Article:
As life slowly goes back to "normal", a return to the office could provide more challenges than just getting out of your sweats and back into work clothes.
It could genuinely prove a hurdle to being active.
While working from home, many people would have found they had more time to devote to exercise. That could be going for a walk or ride around your neighbourhood, hitting the park for some running, or doing a strength and cardio workout in the comfort of your own home.
You may have settled into a good routine of using what would normally be travel time or get ready for work time instead for exercise. And the best part about exercising at home, many would have found, is that it is also easy to have a quick shower and get straight back into work.
Returning to the office, as many are starting to do or will be doing in coming weeks, all of a sudden takes an hour or two out of your day.
So, the challenge will be finding ways to ensure you stay active when this happens.
One way is to walk or cycle to work, if that is feasible.
Use your lunch break for exercise, or head into work earlier and get in some activity before starting your work day. A recent pilot trial showed short workouts can be of benefit.
A workplace-based High-Intensity Interval Training (HIIT) study conducted by physical activity researchers from the University of Newcastle (UON) and Hunter Medical Research Institute (HMRI) found participants felt better, slept better and were more motivated and fitter after just eight weeks.
The 'WorkHIIT' pilot trial enlisted almost 50 UON staff members with predominantly sedentary office jobs, many of whom were sitting for much of the day. Half of the group underwent two to three HIIT sessions of 10 minutes duration per week for the eight weeks, while the remainder continued their normal routines.
Trial leader Dr Narelle Eather said HIIT training - combining shorts bursts of cardiovascular or strength exercise with rests - gives "maximum bang for buck" and reported the study findings could have important implications for health and lifelong participation in physical activity.
She said monitoring showed that the workout participants reached and maintained above-target intensity levels for heart rate (85 per cent average) and reported feeling better immediately after their short bout of high-intensity activity. There were also significant benefits for muscular fitness, weekday sleep and motivation to exercise.
"It was really only 15 minutes of exercise a week because half the time was resting, and we saw significant changes in [participants'] muscular fitness," Dr Eather said.
"The participants really liked it and you could see over time they got better at exercises, more confident, and you could see if they stuck with it there was the potential to keep improving.
"There's lots of arguments around HIIT training to say it's not a good public health initiative because people don't like working hard. Traditionally, studies have said the harder you work then people start to disengage because they don't like it and it doesn't make them feel good.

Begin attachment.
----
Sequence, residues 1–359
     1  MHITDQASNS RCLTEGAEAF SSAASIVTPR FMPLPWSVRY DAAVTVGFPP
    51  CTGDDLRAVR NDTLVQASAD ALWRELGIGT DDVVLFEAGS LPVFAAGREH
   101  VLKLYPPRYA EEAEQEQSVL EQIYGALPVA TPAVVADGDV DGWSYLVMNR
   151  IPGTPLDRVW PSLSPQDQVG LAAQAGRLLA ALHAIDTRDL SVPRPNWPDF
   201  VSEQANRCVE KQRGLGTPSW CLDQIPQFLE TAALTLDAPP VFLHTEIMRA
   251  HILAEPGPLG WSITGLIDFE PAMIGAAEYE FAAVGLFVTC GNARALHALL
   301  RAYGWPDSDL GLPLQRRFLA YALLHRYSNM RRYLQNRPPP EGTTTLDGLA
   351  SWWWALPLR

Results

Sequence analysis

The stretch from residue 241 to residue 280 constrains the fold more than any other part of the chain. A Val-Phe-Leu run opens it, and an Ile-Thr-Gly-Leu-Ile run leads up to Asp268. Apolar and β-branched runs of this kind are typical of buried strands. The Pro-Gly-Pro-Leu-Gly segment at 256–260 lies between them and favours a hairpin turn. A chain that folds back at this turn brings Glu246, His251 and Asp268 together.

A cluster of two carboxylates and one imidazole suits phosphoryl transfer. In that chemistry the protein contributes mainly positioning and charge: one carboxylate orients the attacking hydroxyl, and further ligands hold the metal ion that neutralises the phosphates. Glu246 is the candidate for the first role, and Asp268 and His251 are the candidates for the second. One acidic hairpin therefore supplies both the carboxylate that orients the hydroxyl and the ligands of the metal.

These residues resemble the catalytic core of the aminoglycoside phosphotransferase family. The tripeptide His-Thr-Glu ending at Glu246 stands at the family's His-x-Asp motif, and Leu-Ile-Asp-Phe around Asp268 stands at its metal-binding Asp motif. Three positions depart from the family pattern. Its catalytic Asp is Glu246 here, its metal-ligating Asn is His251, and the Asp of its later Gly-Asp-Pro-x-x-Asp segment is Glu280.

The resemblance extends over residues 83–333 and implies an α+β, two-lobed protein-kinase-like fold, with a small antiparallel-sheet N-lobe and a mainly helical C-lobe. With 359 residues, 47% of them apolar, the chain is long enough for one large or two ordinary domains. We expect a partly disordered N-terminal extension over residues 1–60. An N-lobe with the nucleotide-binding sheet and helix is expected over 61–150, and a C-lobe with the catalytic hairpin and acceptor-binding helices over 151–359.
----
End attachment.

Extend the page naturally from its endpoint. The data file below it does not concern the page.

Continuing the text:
"We found in all of our HIIT studies, that participants report feeling better straight after doing HIIT training than when they showed up. It shows that this has potential for a public health strategy for people who exercise or don't exercise or don't have much time.
"It makes them feel good, so they walk back to the office and feel good about exercise despite the fact that they just worked at high intensity. So, that was a good finding for us, knowing that actually doing these type of exercises is well received by people."
Dr Eather said workplaces have great potential for health promotion but are under-utilised.
So, if you are getting ready for a return to the office, or "normal" life, and trying to work out how you are going to keep working out, maybe give some short HIIT sessions a go. Enlist workmates or hit up your boss to schedule exercise breaks.
Another option might be a workplace virtual challenge, such as The Bloody Long Walk (bloodylongwalk.com.au) where participants walk 35 kilometres between August 1 and 10 to help find a cure for Mitochondrial disease.
Option 1 (lower intensity): 5 minutes x (10 bodyweight squats, 10 push-ups, 10 step-ups); 5min x (10 walking lunges, 10 horizontal/bent-over rows, 10 shoulder press); 5min x (10 Russian twist, 10 glute bridge, 10 opposing arm and leg extension). Rest 1-2min between each set.
Option 2 (moderate intensity): 5min x (10 weighted squats, 2 push-ups with 10 mountain climbers, 10 plank jacks); 5min x (10 weighted lunges each leg, 10 dead lifts with a row, 10 glute bridge); 5min x (10 ab crunches, 50 skips, 4 short shuttle runs). Rest 1-2 minutes between each set.
Option 3 (vigorous intensity): 5min x (10 weighted squats with press, 5 push-ups with 20 mountain climbers, 5 squat jumps); 5min x (10 plyo lunges, 20 walking lunges, 20-second wall squat hold); 5min x (10 dead lifts with a row, 5 burpees, 6 short shuttles). Rest 1-2min between each set.
- Renee Valentine is a journalist, qualified personal trainer and mother of three. firstname.lastname@example.org.